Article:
My takeaways from this trip back in time:
-We forget how literal young children are. How easily misconceptions occur. Someone once told me about hearing this line in Psalm 23 as a child: “Surely goodness and mercy will follow me all the days of my life.” It frightened her: Who is Shirley Goodness? Why are she and somebody named Mercy going to follow me around forever? She kept looking back over her shoulder for them to show up. When my youngest son was little, he didn’t understand that “satisfied” was something good and fulfilling; he interpreted it as “sad-is-fied”: Why would anyone want to be sad? When someone asked him, “Are you satisfied?” he took it to mean Are you sad? and replied, “No, I’m fine.”
-Atmosphere is everything. We will never know what kids are thinking if they don’t feel comfortable asking questions, or if our body language, expression, and tone send the message that we’re unapproachable. Reliving the memory, I can now attach names to my five-year-old feelings: Confusion, apprehension, fear, inadequacy. Remember, calling The Roll is my most vivid kindergarten recollection.
-Beware of what really causes harm. The sale of small pet turtles is illegal now because of salmonella. Multiple children sharing wigs or hats (IMAGINE!) is not permitted anymore because of lice (thankfully, we didn’t get them). Those changes were made for the safety of children, yet the turtles and the head coverings were a big part of the joy in our long-ago classroom. Of course we don’t want to breed disease and infestation; that would be unthinkable. But what about breeding — just as unintentionally — confusion, apprehension, fear, or the subliminal message that a child’s own thoughts, ideas, feelings, perspectives, experiences are not important? How damaging is that to young psyches? Should it be any less unthinkable?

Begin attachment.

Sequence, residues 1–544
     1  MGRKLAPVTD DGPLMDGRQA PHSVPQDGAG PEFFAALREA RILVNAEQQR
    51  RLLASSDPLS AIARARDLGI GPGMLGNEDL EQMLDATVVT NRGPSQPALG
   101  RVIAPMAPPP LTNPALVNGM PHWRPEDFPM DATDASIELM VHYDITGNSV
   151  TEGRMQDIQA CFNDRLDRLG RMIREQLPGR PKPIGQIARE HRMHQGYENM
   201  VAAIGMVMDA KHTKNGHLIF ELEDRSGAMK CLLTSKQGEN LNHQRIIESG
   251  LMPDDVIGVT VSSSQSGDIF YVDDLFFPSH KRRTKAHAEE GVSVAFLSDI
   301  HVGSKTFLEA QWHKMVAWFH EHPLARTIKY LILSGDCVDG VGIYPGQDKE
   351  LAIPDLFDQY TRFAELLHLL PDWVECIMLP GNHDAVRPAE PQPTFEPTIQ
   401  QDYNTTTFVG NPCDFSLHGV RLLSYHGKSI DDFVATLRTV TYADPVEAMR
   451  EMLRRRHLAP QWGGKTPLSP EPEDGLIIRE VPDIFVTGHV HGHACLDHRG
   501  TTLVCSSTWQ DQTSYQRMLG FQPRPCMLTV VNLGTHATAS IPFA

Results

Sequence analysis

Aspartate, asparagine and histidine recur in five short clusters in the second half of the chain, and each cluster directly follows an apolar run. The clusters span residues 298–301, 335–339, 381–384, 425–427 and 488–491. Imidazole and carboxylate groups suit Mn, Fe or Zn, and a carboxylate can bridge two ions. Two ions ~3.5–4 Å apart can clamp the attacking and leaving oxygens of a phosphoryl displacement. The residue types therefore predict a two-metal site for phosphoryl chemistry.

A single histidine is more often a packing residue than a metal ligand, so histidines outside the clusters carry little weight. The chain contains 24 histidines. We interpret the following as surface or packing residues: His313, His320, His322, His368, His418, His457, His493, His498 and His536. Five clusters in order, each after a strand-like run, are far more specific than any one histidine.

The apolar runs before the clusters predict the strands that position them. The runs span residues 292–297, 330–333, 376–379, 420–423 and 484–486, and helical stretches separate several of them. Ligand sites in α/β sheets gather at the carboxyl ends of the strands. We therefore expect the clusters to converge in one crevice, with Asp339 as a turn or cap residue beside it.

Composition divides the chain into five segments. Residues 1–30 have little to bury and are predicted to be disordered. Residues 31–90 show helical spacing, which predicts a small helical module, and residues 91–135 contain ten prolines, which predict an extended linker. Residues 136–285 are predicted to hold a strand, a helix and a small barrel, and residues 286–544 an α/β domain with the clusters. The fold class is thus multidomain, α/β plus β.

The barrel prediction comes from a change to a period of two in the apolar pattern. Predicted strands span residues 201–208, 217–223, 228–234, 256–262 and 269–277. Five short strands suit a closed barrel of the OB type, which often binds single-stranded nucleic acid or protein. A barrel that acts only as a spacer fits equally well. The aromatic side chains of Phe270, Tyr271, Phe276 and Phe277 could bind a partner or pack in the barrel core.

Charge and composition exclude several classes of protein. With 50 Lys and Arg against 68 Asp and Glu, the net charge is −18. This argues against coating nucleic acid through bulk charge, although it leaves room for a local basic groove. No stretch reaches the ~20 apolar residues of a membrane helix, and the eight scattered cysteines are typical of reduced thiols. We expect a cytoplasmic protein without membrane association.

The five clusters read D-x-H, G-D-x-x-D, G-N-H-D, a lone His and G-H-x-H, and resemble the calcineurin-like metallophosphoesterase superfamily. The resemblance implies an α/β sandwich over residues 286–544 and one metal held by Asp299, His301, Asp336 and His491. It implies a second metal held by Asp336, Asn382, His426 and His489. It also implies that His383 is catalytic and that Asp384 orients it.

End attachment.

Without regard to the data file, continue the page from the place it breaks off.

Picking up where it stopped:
-Time to imagine. The moments of play, of make-believe, kept the atmosphere in my kindergarten classroom from becoming one of complete compliance by encouraging some healthy free-spiritedness. While academic expectations have changed dramatically for primary grades over the years, play, encouraging imagination, is still vital. I’ve never seen another wooden rocking boat and have forgotten what we actually called it. When my classmates and I were in it, we could be anything or anyone we wanted to be. We sailed out on a sea of our own making; we weren’t even in the classroom anymore.
Merrily, merrily, merrily, merrily
Life is but a dream.
Extremely deep philosophy, there, when you think about it.
I’ve heard it said of late that children don’t have imaginations anymore, that they’re all into video games and devices, that they can’t entertain themselves.
Maybe. Maybe not.
What I do know to be true about children —then, now, and for all time — is that they are always trying to make sense of the world around them, because it’s all still new to them. Children are virtually covered with invisible antennae, receiving and interpreting volumes of sensory experiences, some of which they’re not able to fully process, just yet. The world’s a busy place; there’s so much to learn, far beyond the confines of the school day. Infinite seas of thought to sail, so many adventures to have.
Remember being that age, Teacher, Grown-Up? Remember the uncertainty?
It pays to slow down a bit now and then, for you are the seasoned Guide. Readjust the sails as needed, for the children, for yourself. Row gently down that stream, for your living cargo is priceless and reading every one of your signals, all along the way.
And may no one ever need to call The Roll on you.